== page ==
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Health Care: President Trump's Triple Threat – NBCNews.com

Image: Senate Homeland Security and Governmental Affairs Committee hearing on Capitol Hill

Senate Homeland Security and Governmental Affairs Committee Chairman Ron Johnson speaks on Capitol Hill in 2016. Shawn Thew / EPA file

“It’s something the president should do,” Robert Moffit, a senior fellow at the Heritage Foundation who has tracked the issue, told NBC News. “Beyond the separation of powers question…they shouldn’t be getting special advantages at the expense of the taxpayer.”

What happens if Trump follows through?

Since members make too much money to qualify for Obamacare subsidies, they’d have to pay the full cost of the premiums, which would be a major increase.

Congress could pass legislation to grant themselves their current benefits, but they’d face taunts from Trump and other critics accusing them of voting to enrich themselves. There’s a reason they haven’t resolved the issue up to this point.

But it’s possible the move could come off as unnecessarily cruel. After all, it wouldn’t just be elected officials with six-figure incomes who would be affected.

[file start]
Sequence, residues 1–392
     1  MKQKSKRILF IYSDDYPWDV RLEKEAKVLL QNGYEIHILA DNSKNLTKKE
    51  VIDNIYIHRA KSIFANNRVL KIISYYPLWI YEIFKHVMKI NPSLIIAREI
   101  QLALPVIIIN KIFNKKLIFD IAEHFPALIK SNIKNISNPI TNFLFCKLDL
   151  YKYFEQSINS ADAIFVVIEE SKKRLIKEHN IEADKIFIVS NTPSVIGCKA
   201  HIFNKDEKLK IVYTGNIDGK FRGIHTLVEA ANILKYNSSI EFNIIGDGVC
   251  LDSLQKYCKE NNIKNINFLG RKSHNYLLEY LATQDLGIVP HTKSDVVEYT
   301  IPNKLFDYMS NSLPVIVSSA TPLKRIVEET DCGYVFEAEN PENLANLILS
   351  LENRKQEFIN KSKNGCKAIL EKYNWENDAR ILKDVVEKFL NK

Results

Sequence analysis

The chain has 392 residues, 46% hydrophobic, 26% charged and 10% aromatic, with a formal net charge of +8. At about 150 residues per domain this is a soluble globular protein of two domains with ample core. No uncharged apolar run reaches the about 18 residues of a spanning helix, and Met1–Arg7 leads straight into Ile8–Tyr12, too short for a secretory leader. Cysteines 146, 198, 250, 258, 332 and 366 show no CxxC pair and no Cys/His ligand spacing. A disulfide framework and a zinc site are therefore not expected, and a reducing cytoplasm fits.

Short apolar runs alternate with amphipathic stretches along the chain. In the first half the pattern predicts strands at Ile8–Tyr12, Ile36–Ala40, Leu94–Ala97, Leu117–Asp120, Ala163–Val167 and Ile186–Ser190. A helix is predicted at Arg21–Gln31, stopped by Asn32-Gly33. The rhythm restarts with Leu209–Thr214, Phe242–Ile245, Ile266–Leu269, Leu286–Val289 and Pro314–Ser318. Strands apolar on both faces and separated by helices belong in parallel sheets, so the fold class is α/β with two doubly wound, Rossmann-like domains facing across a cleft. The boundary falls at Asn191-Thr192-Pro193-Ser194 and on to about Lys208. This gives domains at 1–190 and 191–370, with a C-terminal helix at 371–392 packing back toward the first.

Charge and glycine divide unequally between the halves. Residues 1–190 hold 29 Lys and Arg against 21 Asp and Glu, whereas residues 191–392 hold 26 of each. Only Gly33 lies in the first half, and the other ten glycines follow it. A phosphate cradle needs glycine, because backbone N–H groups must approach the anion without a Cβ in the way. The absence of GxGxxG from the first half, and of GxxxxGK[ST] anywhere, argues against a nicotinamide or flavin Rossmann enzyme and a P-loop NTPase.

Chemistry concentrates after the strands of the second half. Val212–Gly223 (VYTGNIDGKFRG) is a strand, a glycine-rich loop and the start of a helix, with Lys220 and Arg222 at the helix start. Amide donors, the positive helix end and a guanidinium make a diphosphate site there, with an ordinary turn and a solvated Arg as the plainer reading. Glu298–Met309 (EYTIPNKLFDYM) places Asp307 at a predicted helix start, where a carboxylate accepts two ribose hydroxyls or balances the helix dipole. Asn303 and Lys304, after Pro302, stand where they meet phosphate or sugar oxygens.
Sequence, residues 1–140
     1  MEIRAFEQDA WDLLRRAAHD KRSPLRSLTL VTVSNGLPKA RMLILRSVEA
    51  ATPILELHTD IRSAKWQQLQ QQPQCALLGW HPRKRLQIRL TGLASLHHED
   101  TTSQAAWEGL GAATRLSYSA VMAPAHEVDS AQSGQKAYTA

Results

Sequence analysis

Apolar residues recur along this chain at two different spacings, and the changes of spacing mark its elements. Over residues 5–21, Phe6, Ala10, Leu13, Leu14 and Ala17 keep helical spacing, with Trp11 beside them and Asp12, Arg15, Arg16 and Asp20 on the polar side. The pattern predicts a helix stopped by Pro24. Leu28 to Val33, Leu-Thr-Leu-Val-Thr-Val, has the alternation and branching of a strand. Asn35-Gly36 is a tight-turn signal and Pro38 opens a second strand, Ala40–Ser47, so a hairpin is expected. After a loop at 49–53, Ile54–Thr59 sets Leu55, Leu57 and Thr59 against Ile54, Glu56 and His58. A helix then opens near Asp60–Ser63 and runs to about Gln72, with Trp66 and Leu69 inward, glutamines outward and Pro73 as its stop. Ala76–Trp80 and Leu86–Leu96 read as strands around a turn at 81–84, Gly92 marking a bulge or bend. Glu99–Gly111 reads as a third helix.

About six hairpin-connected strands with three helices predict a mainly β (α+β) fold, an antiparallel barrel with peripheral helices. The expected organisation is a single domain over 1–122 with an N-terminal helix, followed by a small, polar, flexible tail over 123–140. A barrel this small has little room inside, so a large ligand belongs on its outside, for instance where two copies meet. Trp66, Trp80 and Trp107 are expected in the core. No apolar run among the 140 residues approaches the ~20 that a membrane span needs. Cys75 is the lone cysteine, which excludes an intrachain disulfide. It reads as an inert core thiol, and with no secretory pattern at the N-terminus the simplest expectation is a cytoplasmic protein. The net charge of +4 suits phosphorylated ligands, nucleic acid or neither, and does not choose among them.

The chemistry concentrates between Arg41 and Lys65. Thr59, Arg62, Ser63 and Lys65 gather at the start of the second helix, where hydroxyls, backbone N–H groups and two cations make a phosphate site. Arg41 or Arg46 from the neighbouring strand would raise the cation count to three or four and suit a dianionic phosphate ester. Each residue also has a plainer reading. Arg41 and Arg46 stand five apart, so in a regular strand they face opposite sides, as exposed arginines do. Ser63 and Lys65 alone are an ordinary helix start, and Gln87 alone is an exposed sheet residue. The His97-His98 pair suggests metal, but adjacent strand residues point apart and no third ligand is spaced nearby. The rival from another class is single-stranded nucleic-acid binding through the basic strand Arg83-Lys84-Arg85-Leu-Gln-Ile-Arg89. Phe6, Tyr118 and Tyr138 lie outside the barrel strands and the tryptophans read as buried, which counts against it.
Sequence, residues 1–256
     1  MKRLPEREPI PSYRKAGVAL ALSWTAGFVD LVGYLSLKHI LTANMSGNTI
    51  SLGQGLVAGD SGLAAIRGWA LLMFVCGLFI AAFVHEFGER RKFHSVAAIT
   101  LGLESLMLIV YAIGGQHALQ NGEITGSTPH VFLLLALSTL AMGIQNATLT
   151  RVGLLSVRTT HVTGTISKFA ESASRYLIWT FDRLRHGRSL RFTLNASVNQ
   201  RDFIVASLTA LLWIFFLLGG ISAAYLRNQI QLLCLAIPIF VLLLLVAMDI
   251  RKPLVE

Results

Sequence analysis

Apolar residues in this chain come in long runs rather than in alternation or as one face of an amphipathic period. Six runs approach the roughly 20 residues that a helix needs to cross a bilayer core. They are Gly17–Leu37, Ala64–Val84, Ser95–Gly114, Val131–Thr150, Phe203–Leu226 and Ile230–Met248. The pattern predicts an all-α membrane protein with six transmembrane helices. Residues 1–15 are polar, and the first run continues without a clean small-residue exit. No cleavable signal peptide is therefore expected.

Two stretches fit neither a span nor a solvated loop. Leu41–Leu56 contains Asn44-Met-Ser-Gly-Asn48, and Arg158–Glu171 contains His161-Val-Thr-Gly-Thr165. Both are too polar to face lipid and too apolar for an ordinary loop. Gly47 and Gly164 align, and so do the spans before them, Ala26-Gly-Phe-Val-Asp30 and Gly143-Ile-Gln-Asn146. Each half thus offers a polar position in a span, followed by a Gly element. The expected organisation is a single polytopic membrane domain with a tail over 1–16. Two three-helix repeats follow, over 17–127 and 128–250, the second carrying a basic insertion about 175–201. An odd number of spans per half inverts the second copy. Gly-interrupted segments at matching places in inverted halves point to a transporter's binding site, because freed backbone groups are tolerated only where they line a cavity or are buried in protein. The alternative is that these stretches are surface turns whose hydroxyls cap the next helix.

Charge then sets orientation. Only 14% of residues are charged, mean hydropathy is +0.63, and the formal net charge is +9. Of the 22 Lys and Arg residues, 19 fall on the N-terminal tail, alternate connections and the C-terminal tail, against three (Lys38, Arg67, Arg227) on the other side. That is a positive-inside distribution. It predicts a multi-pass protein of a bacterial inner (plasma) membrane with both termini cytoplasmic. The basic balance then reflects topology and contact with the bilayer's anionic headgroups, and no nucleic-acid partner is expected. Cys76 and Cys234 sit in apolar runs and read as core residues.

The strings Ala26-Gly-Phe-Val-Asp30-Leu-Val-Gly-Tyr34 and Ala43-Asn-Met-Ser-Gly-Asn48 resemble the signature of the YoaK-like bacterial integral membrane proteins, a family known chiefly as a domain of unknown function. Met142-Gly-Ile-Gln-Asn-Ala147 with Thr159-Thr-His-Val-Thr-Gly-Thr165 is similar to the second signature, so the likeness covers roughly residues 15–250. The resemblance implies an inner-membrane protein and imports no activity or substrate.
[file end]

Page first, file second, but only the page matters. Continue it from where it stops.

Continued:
“While people are maybe not sympathetic to members of Congress, more would be sympathetic to the staff — and it would be a far, far bigger deal for the staff,” Len Nichols, Director of the Center for Health Policy Research and Ethics at George Mason University, told NBC news.

It could also backfire if Congressional Republicans resent the move and become less cooperative. Senators, in particular, have proven increasingly willing to buck the president and he can’t afford to lose more support and follow through on his agenda.

Threat #3: Block All Legislation

Trump has said Congress should not vote on any other legislation until lawmakers pass health care.

This one is harder to pull off. The legislative branch sets its own rules, follows its own schedule, and its members can get prickly if they believe the executive branch is muscling in on its territory.

“He and his team have to understand that Congress is a co-equal branch of government,” said Jim Manley, a former top aide to Senator Harry Reid. “They don’t respond well to threats from any president of either party.”

Trump couldn’t stop Congress from voting on legislation. If he really wanted to, though, he could veto all bills until members caved.

What happens if Trump follows through?

He would be picking an especially dangerous time to issue a blanket veto threat. Over the next few weeks, Congress needs to pass legislation to fund the government or there will be a shutdown. It also needs to raise the debt limit or it risks setting off a financial crisis. Neither scenario would be a good look for the party with unified control of government.

Trump also can’t keep up a blockade indefinitely without threatening the next item on his agenda: Taxes. The House and Senate are using this year’s budget reconciliation process to try and pass health care. But the fiscal year ends September 30, and once Congress passes a new budget, the legislation will expire. The new reconciliation bill is supposed to be the vehicle for tax reform, which promises to be a difficult fight as well.

For their part, members of Congress don’t sound too intimidated so far.

Source: world

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